How Alcohol Impacts Gut Health
Alcohol, for many of us, is a significant part of our culture and social lives. From passing around a bottle of wine at dinner, to meeting up with friends on a Friday night for drinks, to participating in happy hour with coworkers — it’s ingrained in our modern culture.
However, consumption of alcoholic beverages can really impact our health and wellbeing. It's by far the most dangerous substance, beating out heroin, crack cocaine, fentanyl for deaths, accidents and associated illnesses every year.
Just because something is normalized doesn't mean it's okay and as the American Institute for Cancer Research states: "There is no “safe” amount of alcohol that does not increase risk of at least some cancers."
Here are some of the ways in which alcohol consumption can impact the gut:
Increased alcohol consumption may actually impact the composition of our gut bugs! Some studies show that there may be a reduction in beneficial flora in the gut (such as lactobacillus and Bifidobacterium), and an increase in pathogenic species that are endotoxin producers. We need to have a healthy balance between our “beneficial” flora in the gut vs. “opportunistic” flora in the gut, to maintain a healthy microbial environment. A decrease in beneficial species, and an increase in pathogenic species in the gut microbiome (aka dysbiosis), can lead to digestive symptoms (like altered bowel movements and motility, bloating, gas, distention, etc), as well as increased inflammation in the digestive tract.
The Oral Microbiome
Did you know that we actually have a microbiome in our mouths, too? We do, and it actually has a significant impact on our gut microbiome!
Alcohol consumption has also been shown to impact our oral microbiome. With increased alcohol consumption, we may see a decrease in commensal (good) flora in the oral microbiome, as well as an increase in species that may be pathogenic.
An imbalance in the oral microbiome can not only lead to oral health concerns but potentially digestive health concerns as well.
Our intestinal lining is a delicate one-cell thick. The role of this lining, is to act as a barrier between the outside environment (our digestive tract), and our inner environment within the body, only allowing things to enter our bloodstream that our body needs (such as key nutrients), and keeping things that may be harmful to the body, out.
Alcohol consumption has been shown to impact the integrity of this delicate lining, increasing intestinal permeability, also known as “leaky gut.”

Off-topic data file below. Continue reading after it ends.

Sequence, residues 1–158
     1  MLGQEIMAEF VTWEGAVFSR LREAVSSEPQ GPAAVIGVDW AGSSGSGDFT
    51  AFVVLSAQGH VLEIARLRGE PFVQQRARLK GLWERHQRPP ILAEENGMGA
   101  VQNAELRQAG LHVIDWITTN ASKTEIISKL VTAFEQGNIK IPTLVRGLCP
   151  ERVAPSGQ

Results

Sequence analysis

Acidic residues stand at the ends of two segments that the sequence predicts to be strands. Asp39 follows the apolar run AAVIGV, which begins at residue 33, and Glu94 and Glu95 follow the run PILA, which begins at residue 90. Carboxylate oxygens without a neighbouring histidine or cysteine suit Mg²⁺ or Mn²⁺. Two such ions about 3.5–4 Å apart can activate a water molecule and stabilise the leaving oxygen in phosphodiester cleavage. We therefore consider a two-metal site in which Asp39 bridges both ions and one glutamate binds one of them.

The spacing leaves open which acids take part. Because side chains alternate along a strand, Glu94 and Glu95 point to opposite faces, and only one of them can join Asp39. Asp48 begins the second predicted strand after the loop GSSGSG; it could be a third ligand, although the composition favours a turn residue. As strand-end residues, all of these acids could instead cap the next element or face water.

When the intestinal lining becomes permeable, or “leaky,” it can allow substances from inside our GI tract, to leak into our bloodstream. Substances like food particles, pathogenic metabolites, endotoxins, etc. that end up in our bloodstream can contribute to systemic inflammation, which can wreak havoc on many systems throughout the body.
To learn more about intestinal permeability, definitely check out this article here.
Alcohol, Stress + The Gut
Alcohol consumption, particularly on an empty stomach, can be stressful on the body.
When our body experiences stress (and the stress response is initiated), there are specific systems and processes in the body that become “deprioritized,” while the body prioritizes all functions that are imminent to survival. Digestion is one of those processes that becomes “deprioritized” when we’re in this state.
Over time, if this occurs repeatedly, the digestive function can become impacted, and we can see GI symptoms develop as a result.
If you’re going to enjoy an alcoholic beverage, try to at least enjoy it with a meal, or after eating a well-balanced, nutrient-dense meal.
Alcohol + Liver Health
Your liver is an important organ to consider when you are thinking about digestion and gut health. The liver processes toxins and produces bile, which your body needs to digest fats.
If you consume alcohol regularly, your liver will inevitably suffer some ill effects. This puts your gut at risk of experiencing issues with fat digestion, increasing likelihood of constipation, bloating and malabsorption of fat-soluble vitamins like A, D, E, and K.
There are ways to support liver liver through occasional alcohol consumption, but there is no way to mitigate the long-term effects of regular consumption.
If you’re currently experiencing digestive issues or symptoms, avoiding alcohol intermittently could be a great idea while you work on healing your gut.
For more information on how to improve and optimize digestion, grab my free Beginners Guide to Gut Healing (it's jam-packed with tips on how to heal and improve your gut!).